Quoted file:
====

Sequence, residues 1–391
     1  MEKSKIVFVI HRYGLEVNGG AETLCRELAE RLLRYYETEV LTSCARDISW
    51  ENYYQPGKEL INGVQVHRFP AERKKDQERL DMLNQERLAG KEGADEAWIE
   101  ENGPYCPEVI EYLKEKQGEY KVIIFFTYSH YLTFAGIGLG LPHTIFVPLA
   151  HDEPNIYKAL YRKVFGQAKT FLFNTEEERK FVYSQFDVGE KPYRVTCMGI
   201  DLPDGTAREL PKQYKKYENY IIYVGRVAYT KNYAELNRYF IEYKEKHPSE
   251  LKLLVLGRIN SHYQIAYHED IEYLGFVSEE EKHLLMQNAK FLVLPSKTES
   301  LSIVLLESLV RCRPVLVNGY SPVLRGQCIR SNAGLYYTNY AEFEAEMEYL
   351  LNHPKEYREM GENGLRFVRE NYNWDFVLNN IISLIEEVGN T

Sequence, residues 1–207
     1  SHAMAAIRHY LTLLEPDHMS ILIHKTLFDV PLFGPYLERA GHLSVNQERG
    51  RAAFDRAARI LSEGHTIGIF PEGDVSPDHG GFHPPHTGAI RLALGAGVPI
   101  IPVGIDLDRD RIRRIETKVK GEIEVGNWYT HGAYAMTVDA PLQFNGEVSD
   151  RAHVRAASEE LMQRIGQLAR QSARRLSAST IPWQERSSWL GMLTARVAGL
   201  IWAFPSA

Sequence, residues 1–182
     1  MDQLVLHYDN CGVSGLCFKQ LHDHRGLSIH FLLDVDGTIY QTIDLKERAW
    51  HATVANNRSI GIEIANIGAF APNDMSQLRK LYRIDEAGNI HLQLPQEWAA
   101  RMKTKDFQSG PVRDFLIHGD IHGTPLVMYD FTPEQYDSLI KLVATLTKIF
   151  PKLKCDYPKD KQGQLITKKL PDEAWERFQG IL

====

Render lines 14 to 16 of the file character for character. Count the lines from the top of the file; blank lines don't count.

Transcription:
   151  RAHVRAASEE LMQRIGQLAR QSARRLSAST IPWQERSSWL GMLTARVAGL
   201  IWAFPSA

Sequence, residues 1–182